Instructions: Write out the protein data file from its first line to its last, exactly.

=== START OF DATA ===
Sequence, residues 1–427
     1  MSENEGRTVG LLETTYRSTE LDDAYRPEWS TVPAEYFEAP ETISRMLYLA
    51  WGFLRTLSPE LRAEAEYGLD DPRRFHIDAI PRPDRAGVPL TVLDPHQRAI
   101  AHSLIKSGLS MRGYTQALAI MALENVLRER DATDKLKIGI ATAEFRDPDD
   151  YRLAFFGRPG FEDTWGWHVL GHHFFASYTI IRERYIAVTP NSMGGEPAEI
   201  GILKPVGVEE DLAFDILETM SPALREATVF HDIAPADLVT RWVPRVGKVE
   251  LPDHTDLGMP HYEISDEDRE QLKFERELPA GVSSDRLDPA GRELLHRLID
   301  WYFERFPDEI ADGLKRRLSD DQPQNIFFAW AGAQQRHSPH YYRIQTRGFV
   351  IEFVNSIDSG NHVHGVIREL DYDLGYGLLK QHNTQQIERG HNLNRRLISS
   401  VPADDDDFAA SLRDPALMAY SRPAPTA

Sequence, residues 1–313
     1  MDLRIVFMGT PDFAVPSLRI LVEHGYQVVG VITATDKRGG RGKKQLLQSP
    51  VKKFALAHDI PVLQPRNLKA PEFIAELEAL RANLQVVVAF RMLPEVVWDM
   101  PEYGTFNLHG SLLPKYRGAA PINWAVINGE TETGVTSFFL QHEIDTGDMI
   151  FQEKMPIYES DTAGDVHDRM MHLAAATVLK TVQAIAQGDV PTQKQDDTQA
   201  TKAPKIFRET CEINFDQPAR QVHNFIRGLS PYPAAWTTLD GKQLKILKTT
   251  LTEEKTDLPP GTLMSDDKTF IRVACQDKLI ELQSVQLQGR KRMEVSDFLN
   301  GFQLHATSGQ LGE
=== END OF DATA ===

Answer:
Sequence, residues 1–427
     1  MSENEGRTVG LLETTYRSTE LDDAYRPEWS TVPAEYFEAP ETISRMLYLA
    51  WGFLRTLSPE LRAEAEYGLD DPRRFHIDAI PRPDRAGVPL TVLDPHQRAI
   101  AHSLIKSGLS MRGYTQALAI MALENVLRER DATDKLKIGI ATAEFRDPDD
   151  YRLAFFGRPG FEDTWGWHVL GHHFFASYTI IRERYIAVTP NSMGGEPAEI
   201  GILKPVGVEE DLAFDILETM SPALREATVF HDIAPADLVT RWVPRVGKVE
   251  LPDHTDLGMP HYEISDEDRE QLKFERELPA GVSSDRLDPA GRELLHRLID
   301  WYFERFPDEI ADGLKRRLSD DQPQNIFFAW AGAQQRHSPH YYRIQTRGFV
   351  IEFVNSIDSG NHVHGVIREL DYDLGYGLLK QHNTQQIERG HNLNRRLISS
   401  VPADDDDFAA SLRDPALMAY SRPAPTA

Sequence, residues 1–313
     1  MDLRIVFMGT PDFAVPSLRI LVEHGYQVVG VITATDKRGG RGKKQLLQSP
    51  VKKFALAHDI PVLQPRNLKA PEFIAELEAL RANLQVVVAF RMLPEVVWDM
   101  PEYGTFNLHG SLLPKYRGAA PINWAVINGE TETGVTSFFL QHEIDTGDMI
   151  FQEKMPIYES DTAGDVHDRM MHLAAATVLK TVQAIAQGDV PTQKQDDTQA
   201  TKAPKIFRET CEINFDQPAR QVHNFIRGLS PYPAAWTTLD GKQLKILKTT
   251  LTEEKTDLPP GTLMSDDKTF IRVACQDKLI ELQSVQLQGR KRMEVSDFLN
   301  GFQLHATSGQ LGE